I do not currently have a Web Gallery.  At this time, I do not feel that my photography warrants its own website, I do not specialise in any particular photographic genre, and I do not take photographs for profit.  When I started my studies with the OCA, it was my sole intention to learn about photography, to learn what all those technical terms mean, and to learn how to take a good photograph; I never expected my studies to become anything more than a tool for learning.  However, things are not that simple anymore as my thoughts surrounding this taking photos malarkey are changing, and I have been thinking that perhaps there could be something more on my horizon.  With this in mind, I have been pondering on whether I should take a leap of faith and create a site of my work, nothing fancy and really just a portfolio of images, somewhere I can point people to if they are ever curious about what I do.

Actually, the statement above is not entirely right as I do have a Flickr account (a link to which can be found below).  Although at this time, my page is not very good, as I tend to use it more as a dumping ground than a serious place for people to see my work.  I think the reason for this is that Flickr confuses me, in my mind it isn’t very logical, especially as you make up categories and tags as you go along; this may sound great and limitless, but as we do not all think the same, this could cause misjudgement in tagging, and good images may be missed completely!  Perhaps I need to take the time to look into its functionality, tidy things up a little and re-launch myself into the big unknown.

Reading what Freeman (2011 p.242) has to say about this subject, it would appear that there are two types of website, the first a portfolio to display ones images and the second a sales site, where customers are able to buy images and products directly from the source.  Whilst researching websites on the Internet, it was common to see a combination of both of these functions; a sensible thing to do as potential clients and customers are able to browse and buy at the same time.  Moreover, it is becoming more common to see sites that add a third element in the form of social media, with links to blogs, Facebook accounts and twitter feeds.  I am not sure if this is a good or bad thing, but this addition has probably been dictated by the digital world we now live in, therefore making it easier to keep everything together under one umbrella, not forcing additional searches to find separate pages by one author.

Reading the list of bullet points supplied in our course work, it is interesting to see what should be considered when creating a website and it is unfortunate that not everyone takes these points into consideration.

  1. First decide the purpose of the website.  Do you want to show off your best images, or exchange all of them with friends, or present just on aspect of your work.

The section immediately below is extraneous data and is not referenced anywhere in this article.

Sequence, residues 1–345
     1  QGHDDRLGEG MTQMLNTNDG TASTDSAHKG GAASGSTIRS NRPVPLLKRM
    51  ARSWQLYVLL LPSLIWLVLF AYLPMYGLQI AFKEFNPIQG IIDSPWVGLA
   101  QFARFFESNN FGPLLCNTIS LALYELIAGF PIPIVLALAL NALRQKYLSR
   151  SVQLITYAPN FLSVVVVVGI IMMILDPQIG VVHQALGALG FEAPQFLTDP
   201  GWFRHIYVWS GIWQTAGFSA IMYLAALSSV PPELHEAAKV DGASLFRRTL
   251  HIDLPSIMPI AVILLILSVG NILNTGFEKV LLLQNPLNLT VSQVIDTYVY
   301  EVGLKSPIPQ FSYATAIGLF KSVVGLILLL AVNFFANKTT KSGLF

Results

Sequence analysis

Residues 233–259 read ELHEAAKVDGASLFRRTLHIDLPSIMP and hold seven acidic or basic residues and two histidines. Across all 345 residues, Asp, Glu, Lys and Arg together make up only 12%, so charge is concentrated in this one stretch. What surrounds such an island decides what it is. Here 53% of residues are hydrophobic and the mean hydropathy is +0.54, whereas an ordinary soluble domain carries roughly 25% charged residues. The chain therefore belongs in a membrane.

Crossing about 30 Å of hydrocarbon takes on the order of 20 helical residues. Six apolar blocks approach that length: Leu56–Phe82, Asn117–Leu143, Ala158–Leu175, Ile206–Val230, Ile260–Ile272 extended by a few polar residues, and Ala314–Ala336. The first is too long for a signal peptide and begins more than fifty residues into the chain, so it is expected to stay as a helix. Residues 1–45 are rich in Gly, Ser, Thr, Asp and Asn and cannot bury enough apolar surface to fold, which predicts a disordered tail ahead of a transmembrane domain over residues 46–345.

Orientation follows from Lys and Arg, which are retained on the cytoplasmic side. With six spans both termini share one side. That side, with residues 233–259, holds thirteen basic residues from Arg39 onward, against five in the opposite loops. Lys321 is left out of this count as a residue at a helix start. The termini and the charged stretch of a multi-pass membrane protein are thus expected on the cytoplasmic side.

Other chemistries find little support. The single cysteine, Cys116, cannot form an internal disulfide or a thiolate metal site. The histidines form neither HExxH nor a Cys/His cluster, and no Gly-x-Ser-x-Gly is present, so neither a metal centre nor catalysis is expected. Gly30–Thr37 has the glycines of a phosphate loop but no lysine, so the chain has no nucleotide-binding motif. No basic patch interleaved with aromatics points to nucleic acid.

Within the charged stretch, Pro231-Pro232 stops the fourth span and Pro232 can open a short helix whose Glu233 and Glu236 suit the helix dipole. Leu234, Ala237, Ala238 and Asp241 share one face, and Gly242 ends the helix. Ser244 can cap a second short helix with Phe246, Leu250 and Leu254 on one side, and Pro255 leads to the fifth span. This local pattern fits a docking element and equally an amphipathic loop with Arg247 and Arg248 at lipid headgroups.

2. You are presenting your best creative work.  Maintain confidence in the excellence of our images, and think of the website as a display area of fine photographs.
  3. The image comes first.  The first priority should be displaying each photograph to its best advantage.  That means occupying a substantial area of the screen and with nothing around it that fights for attention.
  4. Everything needs a reason.  Add symbols, buttons and words only as necessary.
  5. Keep it simple.  A good default decision in photo gallery design is simplicity.
  6. Offer the fewest clicks to navigate.  Do not make the viewer work hard.
  7. Make it searchable.  Put important words in HTML, not embedded in pictures.  Search engines like Google can search only words, not pictures.
  8. Let viewers know where they are at any time, and how to get to the next picture or set of pictures.  An array of thumbnail images is a good way of stepping in and out of a collection.
  9. Get other people’s opinions.  Talk through your ideas and design with friends and other photographers in order to help give you an objective opinion.
  10. Do you want your site to fit in with the general standards and style of other photography sites?  Or do you want to stand apart?  Take some time to look at other photographers’ websites.  Consider making screen grabs of them so that later you can put your new design among them to see how it compares.

As suggested, I spent sometime looking at dedicated photography websites, some of which were from of companies/people I already knew and others were random selections that I made from search engine results.

Those sites that appealed to me most were very simple in both layout and colour design; I found it much easier to navigate through the sites with lighter backgrounds than those that were white on black backgrounds.

I also found it very off putting when faced with a barrage of colour and text.  These are two sources I use regularly in my photography; I have taken workshops and watched videos from both of these photographers, but feel that less content and colour would benefit both sites.

One thing I did notice during my research, there do not seem to be many women photographers out there, and those that do have websites, blogs and businesses tend to photo photograph babies, weddings, and not much else.  Perhaps there is a need after all …



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